Project By: Lily Jones

What is Adrenoleukodystrophy?

Adrenoleukodystrophy also know as: ABCD1_HUMAN, ALD, ALDP, AMN, ATP-binding cassette, sub family D (ALD), member 1, and Schiller's disease, is a disorder caused by a mutation in the ABCD1 gene. The ABCD1 gene is a gene that provides the instructions to produce the adrenoleukodystrophy protein.

“'Adreno,' refers to the adrenal glands, while, 'leuko,' is the Greek word for white. 'Dystrophy,' means, 'impaired growth. Adrenoleukodystrophy (ALD) affects a person's adrenal glands and the growth of myelin” (1 Weiss).

What chromosome is affected by this disorder?

The ABCD1 gene is a gene that provides the instructions to produce the adrenoleukodystrophy protein in the brain; this gene is located on the Xq28 chromosome.
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Are there prenatal tests for Adrenoleukodystrophy?

Yes, look for abnormal development in the child, a history in the family of medical conditions

What are symptoms of Adrenoleukodystrophy?

Crossed eyes, coma, paralysis, deterioration of fine motor control, muscle spasms, hyperactivity, trouble swallowing, impaired vision, trouble with language comprehension, and loss of hearing.

What population is affected by Adrenoleukodystrophy?

This disease is more common in men but also occurs in females because it is located on the X chromosome. When a female has the disease they are usually only carriers or the disease is very mild.

“Around one in every one-hundred thousand people is affected by ALD” (2 Weiss).

Can anyone be a candidate for Adrenoleukodystrophy?

Yes, as long as a parent also carries or expresses this disease.

How is Adrenoleukodystophy inherited?

Adrenoleukodystophy is a sex-linked disease.

What kind of medical assistance will the affected child need?

The child will need to take various oils and medications while growing up. The child will also have to alter their diet plan and if serious enough a permanent solution might need to take place by the donation of embryonic stem cells to increase the production of myelin, or the protective coat surrounding the neurons in the brain.

Will further assistance be needed, as the child grows older?

No, assistance that is needed as a child for the patient will continue to be needed.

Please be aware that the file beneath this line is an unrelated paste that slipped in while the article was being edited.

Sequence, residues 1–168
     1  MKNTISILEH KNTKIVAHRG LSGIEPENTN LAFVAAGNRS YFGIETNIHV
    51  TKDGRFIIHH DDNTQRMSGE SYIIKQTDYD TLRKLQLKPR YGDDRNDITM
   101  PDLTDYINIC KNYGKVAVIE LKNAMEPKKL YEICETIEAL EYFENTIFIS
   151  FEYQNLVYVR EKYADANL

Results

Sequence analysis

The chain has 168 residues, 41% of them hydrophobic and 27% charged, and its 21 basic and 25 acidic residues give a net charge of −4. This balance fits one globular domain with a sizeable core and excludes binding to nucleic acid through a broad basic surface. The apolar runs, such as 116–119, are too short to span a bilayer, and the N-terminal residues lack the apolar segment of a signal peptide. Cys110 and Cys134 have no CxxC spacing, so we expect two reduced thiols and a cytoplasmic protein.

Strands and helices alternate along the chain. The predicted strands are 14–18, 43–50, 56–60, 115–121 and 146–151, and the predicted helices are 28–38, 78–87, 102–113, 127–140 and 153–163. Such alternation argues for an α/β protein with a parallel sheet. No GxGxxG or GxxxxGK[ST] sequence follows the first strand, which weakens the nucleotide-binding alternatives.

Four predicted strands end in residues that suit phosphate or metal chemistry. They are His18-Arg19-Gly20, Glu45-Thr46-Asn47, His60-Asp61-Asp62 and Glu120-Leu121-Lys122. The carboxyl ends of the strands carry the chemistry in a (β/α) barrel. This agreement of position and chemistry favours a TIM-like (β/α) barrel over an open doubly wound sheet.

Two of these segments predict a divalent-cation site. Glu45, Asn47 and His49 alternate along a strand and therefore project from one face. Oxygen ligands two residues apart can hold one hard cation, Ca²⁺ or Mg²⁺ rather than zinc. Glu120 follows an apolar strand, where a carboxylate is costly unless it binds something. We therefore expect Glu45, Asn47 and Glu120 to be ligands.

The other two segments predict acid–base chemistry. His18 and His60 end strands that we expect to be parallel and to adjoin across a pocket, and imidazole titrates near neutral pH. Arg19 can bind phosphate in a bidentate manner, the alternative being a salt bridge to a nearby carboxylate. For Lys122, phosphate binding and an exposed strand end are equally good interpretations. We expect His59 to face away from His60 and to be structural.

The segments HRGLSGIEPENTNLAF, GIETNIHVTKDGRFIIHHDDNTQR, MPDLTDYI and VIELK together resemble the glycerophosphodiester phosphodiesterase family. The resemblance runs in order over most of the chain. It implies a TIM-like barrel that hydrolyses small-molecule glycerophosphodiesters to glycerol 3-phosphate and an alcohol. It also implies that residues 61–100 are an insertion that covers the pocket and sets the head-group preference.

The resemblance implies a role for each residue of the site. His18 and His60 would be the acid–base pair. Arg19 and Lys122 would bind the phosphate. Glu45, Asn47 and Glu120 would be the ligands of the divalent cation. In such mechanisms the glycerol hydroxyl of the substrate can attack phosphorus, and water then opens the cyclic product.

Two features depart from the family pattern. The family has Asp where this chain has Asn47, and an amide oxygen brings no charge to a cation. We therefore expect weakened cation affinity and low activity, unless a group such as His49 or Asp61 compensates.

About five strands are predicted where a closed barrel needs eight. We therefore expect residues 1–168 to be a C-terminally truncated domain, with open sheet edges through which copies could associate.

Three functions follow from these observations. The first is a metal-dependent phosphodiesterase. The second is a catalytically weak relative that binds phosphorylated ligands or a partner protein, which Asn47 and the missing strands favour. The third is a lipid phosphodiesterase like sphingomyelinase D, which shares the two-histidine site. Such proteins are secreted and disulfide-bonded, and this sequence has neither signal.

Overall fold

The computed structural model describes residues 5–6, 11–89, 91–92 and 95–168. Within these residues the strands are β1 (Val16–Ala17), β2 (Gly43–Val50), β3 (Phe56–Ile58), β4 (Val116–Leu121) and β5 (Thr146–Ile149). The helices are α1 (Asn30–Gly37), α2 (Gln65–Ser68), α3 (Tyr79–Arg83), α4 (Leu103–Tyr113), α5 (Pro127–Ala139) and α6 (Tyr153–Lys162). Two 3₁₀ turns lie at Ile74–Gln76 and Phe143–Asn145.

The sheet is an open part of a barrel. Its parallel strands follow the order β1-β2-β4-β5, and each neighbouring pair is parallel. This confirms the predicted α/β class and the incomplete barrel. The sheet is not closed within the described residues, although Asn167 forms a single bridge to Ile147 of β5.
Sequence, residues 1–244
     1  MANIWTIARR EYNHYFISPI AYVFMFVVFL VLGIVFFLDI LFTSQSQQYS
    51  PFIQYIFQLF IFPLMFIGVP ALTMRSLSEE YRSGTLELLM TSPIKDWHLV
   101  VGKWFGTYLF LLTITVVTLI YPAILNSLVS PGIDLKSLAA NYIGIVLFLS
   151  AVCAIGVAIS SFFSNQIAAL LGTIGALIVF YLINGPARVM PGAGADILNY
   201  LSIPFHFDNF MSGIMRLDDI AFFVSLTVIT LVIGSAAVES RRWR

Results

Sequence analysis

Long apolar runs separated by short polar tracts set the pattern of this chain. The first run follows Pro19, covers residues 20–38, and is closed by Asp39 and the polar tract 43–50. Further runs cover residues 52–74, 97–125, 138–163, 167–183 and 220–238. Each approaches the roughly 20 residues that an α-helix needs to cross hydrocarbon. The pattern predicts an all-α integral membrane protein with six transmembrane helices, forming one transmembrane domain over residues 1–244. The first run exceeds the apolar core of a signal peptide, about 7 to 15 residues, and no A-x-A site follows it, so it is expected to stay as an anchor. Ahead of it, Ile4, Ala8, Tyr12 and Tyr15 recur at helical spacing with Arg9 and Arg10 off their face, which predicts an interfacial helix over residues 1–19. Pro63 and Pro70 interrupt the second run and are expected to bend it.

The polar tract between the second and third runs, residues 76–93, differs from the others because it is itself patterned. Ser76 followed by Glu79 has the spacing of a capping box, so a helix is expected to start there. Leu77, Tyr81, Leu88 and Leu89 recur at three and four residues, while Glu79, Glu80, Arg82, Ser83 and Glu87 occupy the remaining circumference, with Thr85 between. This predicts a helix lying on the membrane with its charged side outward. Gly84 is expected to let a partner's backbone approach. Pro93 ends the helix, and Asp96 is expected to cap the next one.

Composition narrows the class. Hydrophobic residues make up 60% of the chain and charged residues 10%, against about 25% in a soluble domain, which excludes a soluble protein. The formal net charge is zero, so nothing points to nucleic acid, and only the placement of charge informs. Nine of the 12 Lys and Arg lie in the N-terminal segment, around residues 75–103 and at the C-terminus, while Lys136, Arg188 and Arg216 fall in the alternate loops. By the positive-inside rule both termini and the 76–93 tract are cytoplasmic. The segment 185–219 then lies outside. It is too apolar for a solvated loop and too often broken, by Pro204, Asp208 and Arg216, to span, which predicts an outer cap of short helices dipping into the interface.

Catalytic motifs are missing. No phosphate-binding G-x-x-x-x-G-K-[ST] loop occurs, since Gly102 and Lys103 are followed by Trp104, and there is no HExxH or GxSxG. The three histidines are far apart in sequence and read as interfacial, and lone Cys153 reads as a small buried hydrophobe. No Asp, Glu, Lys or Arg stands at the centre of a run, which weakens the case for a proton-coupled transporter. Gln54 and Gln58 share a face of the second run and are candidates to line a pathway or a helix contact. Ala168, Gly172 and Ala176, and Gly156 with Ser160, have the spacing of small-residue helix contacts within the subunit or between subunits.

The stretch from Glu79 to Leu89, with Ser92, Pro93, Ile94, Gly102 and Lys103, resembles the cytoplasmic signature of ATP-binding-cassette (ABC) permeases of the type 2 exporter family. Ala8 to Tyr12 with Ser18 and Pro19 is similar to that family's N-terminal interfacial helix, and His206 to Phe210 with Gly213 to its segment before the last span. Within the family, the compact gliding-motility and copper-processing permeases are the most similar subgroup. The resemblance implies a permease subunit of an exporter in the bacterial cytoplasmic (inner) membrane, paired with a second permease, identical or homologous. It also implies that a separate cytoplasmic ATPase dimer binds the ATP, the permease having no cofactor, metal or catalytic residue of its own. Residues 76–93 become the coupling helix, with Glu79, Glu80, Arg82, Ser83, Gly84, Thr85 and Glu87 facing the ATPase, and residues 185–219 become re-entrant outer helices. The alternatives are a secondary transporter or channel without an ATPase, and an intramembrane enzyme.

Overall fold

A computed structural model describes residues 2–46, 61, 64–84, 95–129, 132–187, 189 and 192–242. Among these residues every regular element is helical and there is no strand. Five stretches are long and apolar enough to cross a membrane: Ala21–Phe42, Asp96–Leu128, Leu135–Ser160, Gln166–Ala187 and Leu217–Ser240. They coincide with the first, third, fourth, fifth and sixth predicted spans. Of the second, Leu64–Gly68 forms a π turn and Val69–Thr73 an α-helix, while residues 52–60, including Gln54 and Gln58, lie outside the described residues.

What is the long-term outlook for the child?

Depending on the condition of ADL the child could live for up to 10 years but will spend most of it's life in coma.

Are there any treatments or cures for Adrenoleukodystrophy?

Medications to reduce risk of seizures, taking Lorenzo’s oil and adapting diet plant to lower VLCFA levels, and physical therapy to help gain control of muscles.

Can Adrenoleukodystrophy be prevented?

No, Adrenoleukodystrophy can not be stopped because it is an inherited condition.

If an individual has Adrenoleukodystrophy can they have children in the future? If so will their children be affected?

Yes, affected people can have children, but their children will have a high risk of Adrenoleukodystrophy.

What is the current current status of research on adrenoleukodystrophy?

Treatment research is still occurring because stem cell translation, the only “permanent” fix is very dangerous. The most promising developing treatment is gene therapy because the disease is so extreme.

Is there a cure/new treatment coming soon?

Hopefully, if more research is done on gene therapy then a permanent cure for Adrenoleukodystrophy would be available.


Delgado, Amanda, and Elizabeth Boskey. "Adrenoleukodystrophy."Healthline. Health Line, n.d. Web. 04 May 2016.

Kemp, Stephan. "Facts on ALD." Xlinked Adrenoleukodystrophy Database Facts on ALD Comments. ADL Database, 7 Apr. 2016. Web. 04 May 2016.

Weiss, Thomas C. "Adrenoleukodystrophy - Facts and Information."Disabled-World: Towards Tomorrow. Disabled World, 28 Mar. 2010. Web. 4 May 2016.

Krieger, Kennedy. "Diagnosing ALD." The Stop ALD Foundation. STOP ALD FOUNDATION, n.d. Web. 04 May 2016.

Haldeman-Englert, Chad. "Adrenoleukodystrophy - Penn State Hershey Medical Center." Penn State Hershey Medical Center. Penn State, 27 Oct. 2015. Web. 04 May 2016.